There is no need to make adjustments, either mechanical or electrical, once the system is initially set. There is no physical or mechanical connection between the press and the digital ink supply system. Any gears, line shafts or screws do not form a part of this connection. A few simple plastic hoses and a single narrow, lower power, low voltage cable takes the place of all units.
The page packs may be purged of the color very rapidly. Inasmuch as there is no existing bath of ink, the swing frame is merely taken back into its non-operating position and the ink is rapidly purged by running through the pumping cycle a number of times. Thus, a high speed purge may be made of all of the ink pumps, without having to disconnect anything from the press. This provides much faster color changes. The open fountains, which may be present, are no longer in use with the new system. Therefore, there are no ink vats to be contaminated.
An accuracy of up to 1/10 to 1% is able to be achieved, due in part to the extreme speed and power of the internal page pack components. Mechanically driven units lack this capability. The instant response to edits placed by manipulating the keyboard are made instantly. There is no overshoot or undershoot, nor oscillating ink densities in adjusting to the new flow rate. This is an important advantage of the invention. The concept of having the digital conversion is that, once the ink density is set, it remains at the ideal density, regardless of press speed.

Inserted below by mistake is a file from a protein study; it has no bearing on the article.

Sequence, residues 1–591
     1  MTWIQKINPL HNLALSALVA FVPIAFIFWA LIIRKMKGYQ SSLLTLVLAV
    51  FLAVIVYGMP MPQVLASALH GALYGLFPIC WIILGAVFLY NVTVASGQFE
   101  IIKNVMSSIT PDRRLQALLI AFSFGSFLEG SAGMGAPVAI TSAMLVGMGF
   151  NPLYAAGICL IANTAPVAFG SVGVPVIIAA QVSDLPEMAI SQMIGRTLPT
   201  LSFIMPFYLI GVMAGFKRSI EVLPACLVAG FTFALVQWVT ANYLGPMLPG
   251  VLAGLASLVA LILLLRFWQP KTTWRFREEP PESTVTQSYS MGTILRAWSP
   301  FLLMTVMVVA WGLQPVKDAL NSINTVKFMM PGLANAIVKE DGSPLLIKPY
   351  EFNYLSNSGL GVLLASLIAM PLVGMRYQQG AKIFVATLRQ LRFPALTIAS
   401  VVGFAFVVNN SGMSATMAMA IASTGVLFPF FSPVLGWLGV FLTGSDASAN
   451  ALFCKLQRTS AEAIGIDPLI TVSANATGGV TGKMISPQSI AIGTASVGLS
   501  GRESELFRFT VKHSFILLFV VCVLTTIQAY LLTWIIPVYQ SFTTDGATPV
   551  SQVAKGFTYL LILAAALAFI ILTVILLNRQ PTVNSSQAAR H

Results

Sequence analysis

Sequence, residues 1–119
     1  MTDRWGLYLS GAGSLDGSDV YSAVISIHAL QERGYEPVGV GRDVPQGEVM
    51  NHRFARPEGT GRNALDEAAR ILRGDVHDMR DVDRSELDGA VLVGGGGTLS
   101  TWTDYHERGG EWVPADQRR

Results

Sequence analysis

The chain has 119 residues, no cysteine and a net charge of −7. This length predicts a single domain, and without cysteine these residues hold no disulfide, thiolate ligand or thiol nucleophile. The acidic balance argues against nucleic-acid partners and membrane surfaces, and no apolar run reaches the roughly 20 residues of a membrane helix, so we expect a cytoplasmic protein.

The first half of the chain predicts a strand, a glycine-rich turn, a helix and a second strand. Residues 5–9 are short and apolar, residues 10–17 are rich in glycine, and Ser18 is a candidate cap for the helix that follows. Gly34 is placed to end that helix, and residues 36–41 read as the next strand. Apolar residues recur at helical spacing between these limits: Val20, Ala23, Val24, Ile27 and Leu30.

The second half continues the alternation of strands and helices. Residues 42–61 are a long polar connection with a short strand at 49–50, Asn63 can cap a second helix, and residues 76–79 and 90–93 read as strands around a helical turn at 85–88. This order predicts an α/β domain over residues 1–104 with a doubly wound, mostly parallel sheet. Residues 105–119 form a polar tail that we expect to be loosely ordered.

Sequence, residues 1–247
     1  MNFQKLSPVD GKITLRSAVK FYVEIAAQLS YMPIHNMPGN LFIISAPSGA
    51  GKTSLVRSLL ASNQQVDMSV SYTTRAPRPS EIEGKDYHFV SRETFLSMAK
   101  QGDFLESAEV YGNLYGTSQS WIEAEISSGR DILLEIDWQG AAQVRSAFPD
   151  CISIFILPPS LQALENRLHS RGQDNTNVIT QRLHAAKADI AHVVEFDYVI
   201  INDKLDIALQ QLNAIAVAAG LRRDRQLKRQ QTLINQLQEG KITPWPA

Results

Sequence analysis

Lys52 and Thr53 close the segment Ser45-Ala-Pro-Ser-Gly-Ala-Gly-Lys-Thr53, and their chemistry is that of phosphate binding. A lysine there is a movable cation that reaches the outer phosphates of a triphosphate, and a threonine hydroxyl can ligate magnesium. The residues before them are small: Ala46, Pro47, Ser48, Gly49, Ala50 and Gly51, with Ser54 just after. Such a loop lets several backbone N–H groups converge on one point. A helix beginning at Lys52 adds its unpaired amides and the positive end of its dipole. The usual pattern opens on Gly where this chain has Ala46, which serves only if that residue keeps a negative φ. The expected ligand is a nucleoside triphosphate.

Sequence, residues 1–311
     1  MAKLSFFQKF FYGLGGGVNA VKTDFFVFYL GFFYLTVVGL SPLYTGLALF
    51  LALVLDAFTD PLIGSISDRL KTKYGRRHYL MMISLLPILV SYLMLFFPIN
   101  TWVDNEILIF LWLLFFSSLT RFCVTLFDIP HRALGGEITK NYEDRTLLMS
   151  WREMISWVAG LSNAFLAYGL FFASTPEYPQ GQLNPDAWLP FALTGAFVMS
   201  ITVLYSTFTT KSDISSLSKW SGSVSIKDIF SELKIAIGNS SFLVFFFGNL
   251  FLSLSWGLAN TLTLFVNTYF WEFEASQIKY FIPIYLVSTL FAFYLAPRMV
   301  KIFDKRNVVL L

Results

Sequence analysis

Although only one unit has been described, in a tower unit, the operators need not scale ladders during the press run. At all times, after the press is set, there is no need to climb to change any of the colors on the tower. The density, and all adjustments, may be made from the keyboard or console.
A result of the foregoing is that control of ink put on the paper is achieved volumetrically. The prior art attempted to control the ink applied by using a blade with the rollers in greater or less contact therewith. In fact, this was an attempt to control application rate by film thickness. This system is by and large, unsuccessful, for a number of reasons. The ink-water ratio are constantly changing, with water being picked up in the ink, this cannot be remedied. The present invention adds a certain, fixed amount of ink with each revolution of the roller, and no water is fed back. If so, the water is of no concern, because it is simply neglected in the process of adding ink.
A particular advantage of the present invention is that the unit may be retrofitted to existing presses without any complexities. For example, for a press which is equipped with an ink bath or similar type arrangement, it is necessary only to return the swing frame 112, which pivots about 114, to its withdrawn position and remove it.
The new apparatus from the swing frame forward is replaced. This includes the blade support 110, the blade 112, and the blade holder 102. Moreover, the unit will include an upper portion 92 with a fan-out or spreader portion and a lower, flat portion. These are equipped with six or eight (or other suitable number) of fittings.
The next unit that is installed is a line shaft 40 (and this unit need not be replaced as a whole), its gear tooth 42 (or other sending arrangement) and its sending unit 44. In addition, the keyboard and the digital pump array will be replaced.
There will be one of these page packs for every color of ink used in the press. Thus, in a four, five or six color press, there would be individual replacement of parts, but not of any other components of the press. In other words, everything back of the rollers would be replaced in the depiction of FIG. 1. Of course, the pivot pin and the swing frame portion per se of the press need not be replaced in total, assuming that the portion from the blade support on were replaced.